Health Benefit Costs to Edge up in 2015

Employers are predicting that health benefit costs will rise 3.9% per employee in 2015, according to a Mercer survey. At 2.1%, cost growth reached a 15-year low in 2013, but appears to be edging back up. Employers say that costs would rise 5.9% if they made no changes to their plans for 2015. But only 32% of employers are simply renewing their plans without making changes. “Employers have to work hard each year to keep cost increases manageable. And health reform is certainly creating new challenges,” said Tracy Watts, senior partner and Mercer’s National Health Reform leader. Twenty-two percent of employer health plans are likely to see enrollment grow next year when they open their plans to all employees working 30 or more hours per week. Thirty-nine percent of the large retail and hospitality businesses, which typically employ many part-time workers, will need to extend coverage in 2015. Beth Umland, Mercer’s director of Research for Health and Benefits said, “While there has been much speculation that employers would reduce staff or cut hours to limit the number of employees becoming eligible in 2015, few…will take of those routes.” However, many say they will manage schedules more carefully to avoid workers’ occasionally working 30 or more hours in a week or to make it clear to new hires that they will work fewer than 30 hours, she added.” It’s hard to predict how many newly eligible employees (generally lower-paid, variable-hour workers) will enroll in health plans. The tax penalty for individuals who do not get coverage will rise in 2015 to a minimum of $325. The minimum was only $95 in 2014. Few employers have seen significant growth in enrollment. But 2015 could be a different story, not just because the penalty is higher, but also because many employees now have the option to enroll, said Watts. Consumer-directed health plans (CDHPs) that are eligible for a health savings account cost 20% less than traditional health plans. While about half of large employers offer a CDHP, 73% expect to have a CDHP within three years. And 20% say it will be the only option for employees. Today, only 6% of large employers have moved to full-replacement CDHPs. The move toward high-deductible consumer-directed plans is spurring more voluntary options. In addition, private benefit exchanges make it easier for employers to offer a range of medical plan options and voluntary benefits. For more information, visit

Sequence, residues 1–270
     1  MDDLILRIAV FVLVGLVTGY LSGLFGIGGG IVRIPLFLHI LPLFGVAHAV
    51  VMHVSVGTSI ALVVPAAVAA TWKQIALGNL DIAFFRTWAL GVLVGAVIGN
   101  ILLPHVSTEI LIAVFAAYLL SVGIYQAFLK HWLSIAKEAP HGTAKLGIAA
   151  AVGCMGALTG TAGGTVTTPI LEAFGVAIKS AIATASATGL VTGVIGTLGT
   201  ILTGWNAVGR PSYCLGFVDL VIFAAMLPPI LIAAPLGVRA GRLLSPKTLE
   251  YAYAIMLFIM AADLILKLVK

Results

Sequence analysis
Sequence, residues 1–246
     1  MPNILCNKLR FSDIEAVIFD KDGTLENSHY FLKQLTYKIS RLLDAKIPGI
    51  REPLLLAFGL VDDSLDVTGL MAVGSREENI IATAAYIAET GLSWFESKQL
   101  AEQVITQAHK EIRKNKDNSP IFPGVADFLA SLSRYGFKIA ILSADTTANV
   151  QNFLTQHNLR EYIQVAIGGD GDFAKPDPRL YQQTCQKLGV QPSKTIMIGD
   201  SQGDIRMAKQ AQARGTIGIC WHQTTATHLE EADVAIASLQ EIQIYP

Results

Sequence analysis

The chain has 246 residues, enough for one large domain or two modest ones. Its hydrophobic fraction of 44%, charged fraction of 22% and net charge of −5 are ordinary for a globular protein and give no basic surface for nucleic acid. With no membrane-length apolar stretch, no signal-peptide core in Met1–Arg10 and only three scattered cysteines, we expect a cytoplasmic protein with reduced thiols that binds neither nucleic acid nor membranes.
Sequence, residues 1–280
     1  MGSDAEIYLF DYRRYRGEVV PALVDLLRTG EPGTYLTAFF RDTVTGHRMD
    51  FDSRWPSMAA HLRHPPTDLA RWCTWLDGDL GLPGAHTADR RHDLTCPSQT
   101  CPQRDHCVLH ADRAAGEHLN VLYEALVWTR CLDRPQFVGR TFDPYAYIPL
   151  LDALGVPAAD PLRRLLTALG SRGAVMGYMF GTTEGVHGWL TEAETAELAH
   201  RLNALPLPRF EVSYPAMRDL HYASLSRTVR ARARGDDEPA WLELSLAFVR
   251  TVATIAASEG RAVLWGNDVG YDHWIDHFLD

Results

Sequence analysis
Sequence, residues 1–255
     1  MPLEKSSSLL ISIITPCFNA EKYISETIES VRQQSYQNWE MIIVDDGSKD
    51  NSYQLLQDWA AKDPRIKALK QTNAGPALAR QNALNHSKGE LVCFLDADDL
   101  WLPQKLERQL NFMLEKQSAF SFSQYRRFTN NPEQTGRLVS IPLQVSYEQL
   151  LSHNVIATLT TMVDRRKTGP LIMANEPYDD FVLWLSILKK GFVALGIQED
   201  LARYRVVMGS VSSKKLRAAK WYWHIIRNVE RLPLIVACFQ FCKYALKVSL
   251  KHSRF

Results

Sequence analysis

Last Updated 01/19/2022

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